With the previous set bringing us to Telezart, the push to get through Gatlantis is the main initial thrust of events and this set does open on some good action pieces that draws you in quickly and does what it can to help you reconnect to the last set. The action side of the show is one that always appeals to me because it does go old school where while we might have some high-motion sequences at times, they tend to pull back and big-picture the moment more than anything else when it comes to the destruction. And hell, these are the creative types that damn well enjoy dropping asteroids around in order to cause damage and that just tickles the really old school fan in me in a huge way. Thankfully, what forces remained on Telezart from Gatlantis were minimal overall, enough to be a problem though, and once that’s done it’s just dealing with events there for a while.
There’s some interesting material at this point but the one that really drew me in, both in story and design, was with Teresa going through Desslers mind. This is given a really interesting look with the color and layout, often with a black and white feeling at times but with black and yellows/golds, that gave it a very rich look. Spending some time looking through his past and how far it goes back helps to flesh him out as a character and what his motivations are. This comes as the others are all recovering from their own battles and events, giving us a very worn and weary crew. When presented across the landscape that we do get here for it, it creates a really good mood to watch the characters through as they cope with so many questions and emotions. If you watch both sets together, it’s the needed downtime after the big action and events and the reveals we get through Desslers mind-dive. If you just watch this set, well, it’s a little awkward to barrel through big stuff and come to an abrupt stop, more or less.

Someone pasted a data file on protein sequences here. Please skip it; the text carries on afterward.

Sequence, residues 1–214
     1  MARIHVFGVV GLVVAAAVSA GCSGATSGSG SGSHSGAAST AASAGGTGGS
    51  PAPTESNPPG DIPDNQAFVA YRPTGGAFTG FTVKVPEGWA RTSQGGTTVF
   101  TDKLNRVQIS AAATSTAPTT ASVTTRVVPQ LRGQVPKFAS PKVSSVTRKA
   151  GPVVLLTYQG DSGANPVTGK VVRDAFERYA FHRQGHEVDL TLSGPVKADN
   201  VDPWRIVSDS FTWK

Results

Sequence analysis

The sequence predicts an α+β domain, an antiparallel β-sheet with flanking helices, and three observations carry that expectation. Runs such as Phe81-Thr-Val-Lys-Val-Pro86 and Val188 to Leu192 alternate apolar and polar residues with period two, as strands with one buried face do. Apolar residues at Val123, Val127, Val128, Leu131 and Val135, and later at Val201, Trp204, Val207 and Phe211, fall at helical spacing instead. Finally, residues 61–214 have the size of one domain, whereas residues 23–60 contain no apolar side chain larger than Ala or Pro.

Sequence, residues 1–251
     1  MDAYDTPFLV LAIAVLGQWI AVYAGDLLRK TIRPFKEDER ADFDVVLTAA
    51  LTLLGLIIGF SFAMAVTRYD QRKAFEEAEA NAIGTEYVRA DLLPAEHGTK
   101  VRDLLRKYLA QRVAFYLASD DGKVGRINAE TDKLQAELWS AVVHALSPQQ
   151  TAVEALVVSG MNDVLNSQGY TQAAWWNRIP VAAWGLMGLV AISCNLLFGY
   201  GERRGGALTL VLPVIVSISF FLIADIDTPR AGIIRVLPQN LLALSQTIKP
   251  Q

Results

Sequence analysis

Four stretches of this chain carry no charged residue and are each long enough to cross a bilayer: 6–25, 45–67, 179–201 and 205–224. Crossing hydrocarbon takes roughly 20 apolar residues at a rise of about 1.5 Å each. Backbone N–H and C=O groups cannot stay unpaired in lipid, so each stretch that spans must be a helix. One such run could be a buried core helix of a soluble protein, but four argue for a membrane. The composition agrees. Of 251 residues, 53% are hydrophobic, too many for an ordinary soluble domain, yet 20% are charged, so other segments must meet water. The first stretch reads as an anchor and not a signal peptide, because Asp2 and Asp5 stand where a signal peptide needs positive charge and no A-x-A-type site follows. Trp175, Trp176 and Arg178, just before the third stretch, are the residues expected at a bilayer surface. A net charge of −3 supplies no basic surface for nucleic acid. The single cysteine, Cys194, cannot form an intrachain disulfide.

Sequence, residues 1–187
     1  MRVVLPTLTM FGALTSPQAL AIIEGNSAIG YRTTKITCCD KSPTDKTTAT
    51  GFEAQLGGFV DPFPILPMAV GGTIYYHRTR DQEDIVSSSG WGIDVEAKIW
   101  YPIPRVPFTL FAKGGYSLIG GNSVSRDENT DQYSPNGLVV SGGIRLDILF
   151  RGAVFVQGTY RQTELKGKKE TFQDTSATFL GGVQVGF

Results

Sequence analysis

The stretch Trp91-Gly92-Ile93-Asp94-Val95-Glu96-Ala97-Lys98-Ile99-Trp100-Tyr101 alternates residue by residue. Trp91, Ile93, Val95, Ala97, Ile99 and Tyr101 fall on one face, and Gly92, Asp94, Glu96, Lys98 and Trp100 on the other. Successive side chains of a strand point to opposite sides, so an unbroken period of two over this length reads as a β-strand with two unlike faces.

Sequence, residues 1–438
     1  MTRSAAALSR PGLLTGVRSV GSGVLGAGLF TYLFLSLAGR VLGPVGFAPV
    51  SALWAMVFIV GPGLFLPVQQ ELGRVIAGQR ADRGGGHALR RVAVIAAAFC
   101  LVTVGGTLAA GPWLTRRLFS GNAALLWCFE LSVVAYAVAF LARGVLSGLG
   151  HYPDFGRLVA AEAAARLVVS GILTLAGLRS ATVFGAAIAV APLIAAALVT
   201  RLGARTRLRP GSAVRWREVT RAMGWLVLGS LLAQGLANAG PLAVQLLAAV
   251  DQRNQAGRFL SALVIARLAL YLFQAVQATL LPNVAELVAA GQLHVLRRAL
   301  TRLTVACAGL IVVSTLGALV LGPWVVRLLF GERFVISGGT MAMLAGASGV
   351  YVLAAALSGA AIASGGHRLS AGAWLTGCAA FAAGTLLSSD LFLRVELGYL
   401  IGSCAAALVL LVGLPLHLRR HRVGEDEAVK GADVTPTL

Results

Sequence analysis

When things pick up again on the larger scale it comes with Gatlantis ready to throw its might against Terra with another invasion force, this time situated out at Saturn. This gives us a lot of really great large-scale sequences to deal with as the rockets and beam weapons fire everywhere and even a little time with the Wave Motion Gun. The Yamato is always great to watch in these battles because of how effective it is at running the board but it’s also really engaging when it takes a serious hit, as it does here, and ends up being pulled into the White Comet abyss itself. That’s a chilling sequence, as was seeing the Ginga working alongside the Yamato, and having as much go wrong as it does.
The season does go for a strong ending to things once it works through some events on the world that’ s within the White Comet. It takes time and repairs, but when everything gets back to a more straightforward battle of the sides, the show is just damn effective because of the pacing and the quality of the animation. It knows it has to go big here considering the scale of the forces that they fight and I love that it uses unconventional elements, such as things from Dessler, in order to take it all to the next level. The human ingenuity angle isn’t an unfamiliar one but it plays out incredibly well here, especially with how a couple from the Yamato crew are able to really use the ship as a fantastic and unexpected weapon. The epilogue may be a little hokey at times because of the maneuver that was pulled off to end the war but it resonates well and has that inspirational tone that this Yamato series can manage well.
As with the previous sets, Funimation has done right by this property in my mind. The home video releases have looked great, had some good original extras included, and had some solid and weighty first half limited editions to help bind it all together with. With a really strong encode working some beautiful visuals, some strong performances on both sides of the coin with the cast, and an engaging story that expands upon everything, 2202 advances everything forward. Having missed out and been unable to connect with the original incarnations over the years, this is an incarnation that worked for me and made me a fan, so I’m very pleased by it overall.
Japanese Dolby TrueHD 2.0 Language, English Dolby TrueHD 5.1 Language, English Subtitles, Star Blazers: Space Battleship Yamato 2202: Conversation with the Cast, Episode 23 Commentary,, Textless Opening & Closing Songs
Content Grade: A-
Audio Grade: A-
Video Grade: A
Packaging Grade: A
Menu Grade: B-
Extras Grade: B
Released By: Funimation
Release Date: November 26th, 2019
Running Time: 325 Minutes
Video Encoding: 1080p AVC
Aspect Ratio: 1.78:1 Widescreen
Sony KDL70R550A 70″ LED 1080P HDTV, Sony PlayStation3 Blu-ray player via HDMI set to 1080p, Onkyo TX-SR605 Receiver and Panasonic SB-TP20S Multi-Channel Speaker System With 100-Watt Subwoofer.